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Who are the Kashmiri people? Self-identification as a vehicle for self-determination

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  • J E Schwartzberg

Abstract

Although self-determination is a right for all peoples, legally defining a people so that they can exercise that right is often difficult. So too is devising a means for establishing an optimal, politically viable governance system that will satisfy that right. In respect to the disputed erstwhile princely State of Jammu and Kashmir, whose independence neither India nor Pakistan will countenance, I suggest that those two powers agree instead to the establishment of a Kashmir Autonomous Region (KAR); that a People's Assembly be elected to enable population groups from all parts of Jammu and Kashmir to discuss various options for their future governance, within or outside the KAR; and that, following such discussions, a fair, internationally supervised plebiscite be held to determine which areas shall become part of the KAR and which shall be fully integrated into India and Pakistan. Thereby, those who consider themselves 'Kashmiris' would become a self-defined people. The KAR, could straddle the line separating Indian-held and Pakistani-held areas. While it would have a single government, India and Pakistan would maintain nominal sovereignty over the portions of the KAR on their respective sides of the line.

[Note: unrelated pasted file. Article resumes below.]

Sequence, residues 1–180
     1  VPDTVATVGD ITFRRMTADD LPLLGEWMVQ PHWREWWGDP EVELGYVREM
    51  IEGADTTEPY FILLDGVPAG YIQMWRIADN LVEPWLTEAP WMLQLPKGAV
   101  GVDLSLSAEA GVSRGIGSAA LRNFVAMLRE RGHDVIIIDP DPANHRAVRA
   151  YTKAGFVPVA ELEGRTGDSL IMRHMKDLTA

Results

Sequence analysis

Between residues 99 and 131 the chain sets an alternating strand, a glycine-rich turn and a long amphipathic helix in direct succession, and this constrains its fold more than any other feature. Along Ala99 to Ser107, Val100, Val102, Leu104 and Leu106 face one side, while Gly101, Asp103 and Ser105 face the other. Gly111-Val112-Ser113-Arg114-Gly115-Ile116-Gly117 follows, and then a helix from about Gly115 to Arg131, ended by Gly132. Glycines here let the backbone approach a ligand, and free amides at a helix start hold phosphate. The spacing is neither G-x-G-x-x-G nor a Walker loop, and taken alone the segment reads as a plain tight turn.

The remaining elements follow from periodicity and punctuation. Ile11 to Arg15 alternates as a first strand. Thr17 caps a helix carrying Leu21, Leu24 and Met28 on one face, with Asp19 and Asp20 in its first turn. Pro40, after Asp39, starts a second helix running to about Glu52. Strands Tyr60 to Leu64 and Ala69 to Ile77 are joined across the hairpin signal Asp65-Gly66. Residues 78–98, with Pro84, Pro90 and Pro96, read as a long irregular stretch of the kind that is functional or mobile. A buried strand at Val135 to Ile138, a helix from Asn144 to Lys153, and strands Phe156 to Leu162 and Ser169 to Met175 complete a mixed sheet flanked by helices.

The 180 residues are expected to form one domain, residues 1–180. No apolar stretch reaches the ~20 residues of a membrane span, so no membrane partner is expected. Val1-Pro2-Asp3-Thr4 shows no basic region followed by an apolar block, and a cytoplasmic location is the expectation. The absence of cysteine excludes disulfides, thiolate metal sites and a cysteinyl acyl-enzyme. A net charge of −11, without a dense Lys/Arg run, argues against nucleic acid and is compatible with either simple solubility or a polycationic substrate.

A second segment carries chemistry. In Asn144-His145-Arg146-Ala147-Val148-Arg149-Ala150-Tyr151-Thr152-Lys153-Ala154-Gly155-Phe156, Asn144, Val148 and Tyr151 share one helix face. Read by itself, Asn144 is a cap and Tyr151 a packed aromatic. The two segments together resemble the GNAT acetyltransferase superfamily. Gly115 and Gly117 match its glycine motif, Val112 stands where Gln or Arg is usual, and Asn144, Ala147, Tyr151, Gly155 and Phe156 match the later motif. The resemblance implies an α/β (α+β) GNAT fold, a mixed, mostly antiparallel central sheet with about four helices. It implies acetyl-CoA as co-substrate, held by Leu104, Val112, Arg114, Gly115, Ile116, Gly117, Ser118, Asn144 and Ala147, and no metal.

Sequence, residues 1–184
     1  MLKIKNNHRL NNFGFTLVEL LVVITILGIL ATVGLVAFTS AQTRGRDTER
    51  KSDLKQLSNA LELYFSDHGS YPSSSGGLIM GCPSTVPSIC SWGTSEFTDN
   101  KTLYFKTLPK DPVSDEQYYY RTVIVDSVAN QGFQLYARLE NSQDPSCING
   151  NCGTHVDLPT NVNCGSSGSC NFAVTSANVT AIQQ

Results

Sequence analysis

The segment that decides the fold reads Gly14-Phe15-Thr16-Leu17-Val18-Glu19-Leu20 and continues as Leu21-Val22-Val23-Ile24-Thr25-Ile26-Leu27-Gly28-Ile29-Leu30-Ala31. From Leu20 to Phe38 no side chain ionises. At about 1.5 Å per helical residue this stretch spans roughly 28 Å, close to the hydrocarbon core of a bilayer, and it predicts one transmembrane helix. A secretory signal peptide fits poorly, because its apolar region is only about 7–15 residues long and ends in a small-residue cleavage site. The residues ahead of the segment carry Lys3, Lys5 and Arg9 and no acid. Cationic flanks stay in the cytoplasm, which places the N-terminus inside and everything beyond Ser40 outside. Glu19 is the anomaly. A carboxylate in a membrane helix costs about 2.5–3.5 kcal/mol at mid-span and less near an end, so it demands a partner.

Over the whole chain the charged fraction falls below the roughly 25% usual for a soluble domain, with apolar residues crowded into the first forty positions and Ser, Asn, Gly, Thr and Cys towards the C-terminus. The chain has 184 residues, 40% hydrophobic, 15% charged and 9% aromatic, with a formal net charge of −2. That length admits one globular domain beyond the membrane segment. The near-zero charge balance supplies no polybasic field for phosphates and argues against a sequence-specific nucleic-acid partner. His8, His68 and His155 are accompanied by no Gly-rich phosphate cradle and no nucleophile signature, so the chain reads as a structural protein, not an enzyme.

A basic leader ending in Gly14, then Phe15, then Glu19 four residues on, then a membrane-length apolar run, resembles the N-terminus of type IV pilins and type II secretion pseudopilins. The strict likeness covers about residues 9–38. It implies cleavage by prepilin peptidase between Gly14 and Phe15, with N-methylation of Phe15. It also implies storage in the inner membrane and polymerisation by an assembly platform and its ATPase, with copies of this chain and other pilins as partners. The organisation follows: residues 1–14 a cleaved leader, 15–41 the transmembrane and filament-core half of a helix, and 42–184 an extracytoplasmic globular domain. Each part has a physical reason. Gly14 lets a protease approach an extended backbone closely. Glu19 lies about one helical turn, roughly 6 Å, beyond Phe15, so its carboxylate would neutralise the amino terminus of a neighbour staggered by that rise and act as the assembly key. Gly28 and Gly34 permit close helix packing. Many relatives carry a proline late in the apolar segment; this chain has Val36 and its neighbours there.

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  • J E Schwartzberg, 1997. "Who are the Kashmiri people? Self-identification as a vehicle for self-determination," Environment and Planning A, Pion Ltd, London, vol. 29(12), pages 2237-2256, December.
  • Handle: RePEc:pio:envira:v:29:y:1997:i:12:p:2237-2256
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